For me, Phutureprimitive was a gateway artist. I first really got into electronic music through the heavy dance scene of Miami, Florida – home of Ultra Music Festival and a thousand of the most exclusive clubs America has to offer. It’s easy to get caught up in the hustle and bustle of who’s dropping the latest electro-dubstep-moombah-house tracks in such an atmosphere. I soon realized, however, that such a fast-paced market was lacking two main characteristics: artistic individuality and longevity. All the songs sound the same, and each week there’s a new hit record to replace the last one. And yes, of course there are exceptions (Savant and GRiZ, to name a few), just as there are in any situation. But the point here is that there’s a big difference between a half-heartedly embellished four-on-the-floor beat, created for the sake of keeping the nightclubs packed, and inspired, musically creative electronic music. It was through this quest for more meaningful artistic vision that I came across Phutureprimitive for the first time.
Here is an artist who has demonstrated an incredible knack for producing high quality, high fidelity electronic music that remains authentic in the face of emotionless banality. “Lush melodies drift across intricate rhythms, groove-heavy beats and warm, fuzzy bass lines. Often exploring a dark and dense palette, his music also manages to convey a sense of tranquility and beauty, engaging the listener into hypnotic movement and often escalating toward a full kinetic experience.”
Simply put, the music of Phutureprimitive has got soul. If you’re one of those people who doesn’t believe electronic music has any soul, then you may be scoffing right now. In truth, however, that elusive concept of “soul” is just as present as ever, though in a slightly different form than we’re used to hearing. If you’re expecting to hear the kind of soul that James Brown was famous for, then you’ll probably be disappointed. No, artists like Phutureprimitive express their inner selves by working tirelessly to achieve the perfect sounds, arrangement, and effects that they yearn after. The emphasis here is placed on the studio production more so than the live element, and when it’s done right, it induces intense euphoria. The computer is used as a vessel for human creativity, not as a replacement.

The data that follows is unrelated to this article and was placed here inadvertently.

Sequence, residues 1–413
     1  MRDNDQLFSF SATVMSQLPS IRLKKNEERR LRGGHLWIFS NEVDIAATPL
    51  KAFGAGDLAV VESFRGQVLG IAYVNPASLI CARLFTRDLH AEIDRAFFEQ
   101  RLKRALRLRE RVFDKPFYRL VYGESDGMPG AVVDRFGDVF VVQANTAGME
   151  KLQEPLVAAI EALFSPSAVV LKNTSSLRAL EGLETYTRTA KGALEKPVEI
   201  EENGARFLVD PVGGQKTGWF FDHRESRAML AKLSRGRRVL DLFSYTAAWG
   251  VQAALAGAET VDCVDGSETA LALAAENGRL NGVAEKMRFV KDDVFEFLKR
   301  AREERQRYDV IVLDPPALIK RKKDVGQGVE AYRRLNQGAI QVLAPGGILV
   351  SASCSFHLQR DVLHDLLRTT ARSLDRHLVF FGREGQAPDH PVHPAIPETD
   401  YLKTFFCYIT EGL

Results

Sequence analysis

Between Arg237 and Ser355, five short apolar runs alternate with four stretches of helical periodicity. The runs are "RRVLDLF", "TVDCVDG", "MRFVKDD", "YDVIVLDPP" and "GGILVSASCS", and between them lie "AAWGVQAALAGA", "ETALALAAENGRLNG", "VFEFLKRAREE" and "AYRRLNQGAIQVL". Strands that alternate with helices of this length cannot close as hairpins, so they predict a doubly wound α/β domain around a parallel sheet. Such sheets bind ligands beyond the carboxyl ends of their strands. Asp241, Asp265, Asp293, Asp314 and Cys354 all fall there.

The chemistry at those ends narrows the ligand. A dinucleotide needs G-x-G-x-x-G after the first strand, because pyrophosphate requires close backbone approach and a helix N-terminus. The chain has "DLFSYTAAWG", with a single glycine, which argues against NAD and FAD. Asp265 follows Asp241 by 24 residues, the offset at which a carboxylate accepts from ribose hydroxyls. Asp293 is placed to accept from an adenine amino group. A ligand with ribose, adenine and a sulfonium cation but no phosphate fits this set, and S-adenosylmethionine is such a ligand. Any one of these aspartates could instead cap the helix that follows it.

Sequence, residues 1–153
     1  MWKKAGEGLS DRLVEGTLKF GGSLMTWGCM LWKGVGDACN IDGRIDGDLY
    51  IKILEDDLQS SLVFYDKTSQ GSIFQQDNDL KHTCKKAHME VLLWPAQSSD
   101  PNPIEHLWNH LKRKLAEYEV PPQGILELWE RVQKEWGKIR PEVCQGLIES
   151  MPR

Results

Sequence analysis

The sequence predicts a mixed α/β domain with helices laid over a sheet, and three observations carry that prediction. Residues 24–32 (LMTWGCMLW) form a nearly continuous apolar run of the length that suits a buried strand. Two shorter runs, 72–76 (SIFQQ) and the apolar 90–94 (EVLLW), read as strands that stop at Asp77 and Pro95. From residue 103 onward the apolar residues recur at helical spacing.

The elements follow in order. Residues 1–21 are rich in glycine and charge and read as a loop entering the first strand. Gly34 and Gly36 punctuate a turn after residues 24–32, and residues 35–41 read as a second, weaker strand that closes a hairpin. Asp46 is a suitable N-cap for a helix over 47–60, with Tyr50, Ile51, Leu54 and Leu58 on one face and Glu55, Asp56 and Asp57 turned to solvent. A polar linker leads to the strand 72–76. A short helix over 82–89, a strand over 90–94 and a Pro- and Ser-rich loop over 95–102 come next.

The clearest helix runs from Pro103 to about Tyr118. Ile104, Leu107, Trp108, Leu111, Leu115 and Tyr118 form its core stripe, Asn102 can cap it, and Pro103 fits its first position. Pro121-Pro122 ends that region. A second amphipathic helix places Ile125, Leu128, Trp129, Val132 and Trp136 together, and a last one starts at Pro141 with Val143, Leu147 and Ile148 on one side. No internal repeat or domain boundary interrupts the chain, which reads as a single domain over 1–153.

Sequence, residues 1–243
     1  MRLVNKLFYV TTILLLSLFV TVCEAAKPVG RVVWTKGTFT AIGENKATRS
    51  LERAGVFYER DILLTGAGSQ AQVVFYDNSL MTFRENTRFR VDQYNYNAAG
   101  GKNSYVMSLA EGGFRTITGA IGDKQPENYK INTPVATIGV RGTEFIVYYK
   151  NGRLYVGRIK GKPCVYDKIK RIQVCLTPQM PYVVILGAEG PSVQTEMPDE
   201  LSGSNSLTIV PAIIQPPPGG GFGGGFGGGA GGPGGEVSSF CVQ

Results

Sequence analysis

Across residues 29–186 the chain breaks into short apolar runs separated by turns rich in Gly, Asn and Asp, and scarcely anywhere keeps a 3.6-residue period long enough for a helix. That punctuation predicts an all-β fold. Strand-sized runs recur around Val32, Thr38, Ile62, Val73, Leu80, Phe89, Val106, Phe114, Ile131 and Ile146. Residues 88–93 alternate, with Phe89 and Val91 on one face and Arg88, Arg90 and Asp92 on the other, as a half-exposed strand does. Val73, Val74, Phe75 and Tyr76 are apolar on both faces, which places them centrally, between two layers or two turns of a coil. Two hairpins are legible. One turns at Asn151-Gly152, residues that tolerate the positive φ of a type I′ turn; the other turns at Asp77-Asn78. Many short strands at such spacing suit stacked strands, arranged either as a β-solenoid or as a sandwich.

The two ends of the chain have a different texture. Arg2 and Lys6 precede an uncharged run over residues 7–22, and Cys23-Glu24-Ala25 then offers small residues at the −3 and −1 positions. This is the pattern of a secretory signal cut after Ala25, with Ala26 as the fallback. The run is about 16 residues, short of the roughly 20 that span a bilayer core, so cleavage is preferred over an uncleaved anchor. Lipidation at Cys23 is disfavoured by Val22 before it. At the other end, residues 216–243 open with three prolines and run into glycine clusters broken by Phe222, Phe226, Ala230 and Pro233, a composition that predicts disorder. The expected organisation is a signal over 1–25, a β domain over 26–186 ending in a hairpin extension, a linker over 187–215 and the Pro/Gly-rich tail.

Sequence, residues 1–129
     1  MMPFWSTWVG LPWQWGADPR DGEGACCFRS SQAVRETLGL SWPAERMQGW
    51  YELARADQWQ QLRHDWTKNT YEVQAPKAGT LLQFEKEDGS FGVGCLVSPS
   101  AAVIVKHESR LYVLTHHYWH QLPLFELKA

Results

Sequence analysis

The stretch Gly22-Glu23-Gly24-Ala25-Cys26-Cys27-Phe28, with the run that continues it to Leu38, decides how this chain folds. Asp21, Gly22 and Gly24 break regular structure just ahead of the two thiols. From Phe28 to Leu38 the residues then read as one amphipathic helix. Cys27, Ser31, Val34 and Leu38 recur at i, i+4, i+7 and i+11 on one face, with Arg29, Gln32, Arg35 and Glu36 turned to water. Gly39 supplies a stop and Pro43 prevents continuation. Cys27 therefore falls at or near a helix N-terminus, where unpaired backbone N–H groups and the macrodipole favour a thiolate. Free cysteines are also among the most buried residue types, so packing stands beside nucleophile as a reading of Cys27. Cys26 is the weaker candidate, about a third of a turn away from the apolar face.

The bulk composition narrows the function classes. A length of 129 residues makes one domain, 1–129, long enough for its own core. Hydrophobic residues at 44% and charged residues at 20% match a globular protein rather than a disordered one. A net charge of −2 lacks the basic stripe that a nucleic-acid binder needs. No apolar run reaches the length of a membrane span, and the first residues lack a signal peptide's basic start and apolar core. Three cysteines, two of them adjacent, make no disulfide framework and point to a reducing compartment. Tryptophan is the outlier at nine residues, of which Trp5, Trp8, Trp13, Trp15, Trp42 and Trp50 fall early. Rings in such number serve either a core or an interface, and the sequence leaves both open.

In 2011, Phutureprimitive released Kinetik, his second full-length album. The consistent themes throughout the record are heavy bass lines to rumble your ribcage and keep the rhythm moving, haunting pads to create rich textures, and a diverse range of emotional melodies to tie it all together. Kinetic energy is created out of motion, and that’s exactly what this album inspires you to do, both physically and mentally. With each track, Phutureprimitive draws out your primal sense to move your body and dance to the rhythm, while simultaneously relaxing your mind and allowing you to connect with the music on a deeper emotional level.
As the album opens with “Cryogenic Dreams,” we are immediately primed for takeoff. We hear a laid-back beat, augmented by some clean guitar noodling and overlaid with atmospheric pads – a timbral combination which immediately reminds me of Emancipator. Once the bass hits, it’s easy to see how Phutureprimitive has roots in dubstep, but not the frenetic, abrasive kind of dubstep that’s been flooding the dance music scene for the past several years. It’s a much chiller, fluid kind of sound, bringing with it an entirely new take on the genre.
The title track, “Kinetik,” continues this subterranean vibe with a diverse palette of sounds that would be equally at home in a deep sea exploration as they would in an underground rave. The use of tribal percussion also strongly contributes to the deep-rooted primal instinct that comes packaged with this album. Listening to Kinetik is absolutely an meditative experience, and one which I would recommend to anyone.
As Phutureprimitive takes on a journey through the rest of his boundary-defying exploration of sound, we are treated to the entire gamut of digitally-produced sound. “The Changeling” immediately plucks on our heartstrings with the introduction of a sound reminiscent of the Wurlitzer electric piano, while “Center of Gravity” slices through our thoughts with hard-edged, awe-inspiring bass lines. “Ripple Effect” combines both of these elements into a downtempo groove of massive proportions, and we are guided through to the album’s conclusion with “Disappear,” the mellow final track that hypnotically whispers in our ears: “Every moment is made to disappear…so pull me under, drag me over, never let me go.”
At the end of this extraordinarily unique experience, I was left sitting in silence, reflecting back on what I just listened to. My conclusion? Such an adventure is indescribable through words, but if there’s one thing of which I can be absolutely certain, it’s that I just had the privilege of sharing in the very essence of Phutureprimitive’s identity – his soul. And for that, I am immensely grateful.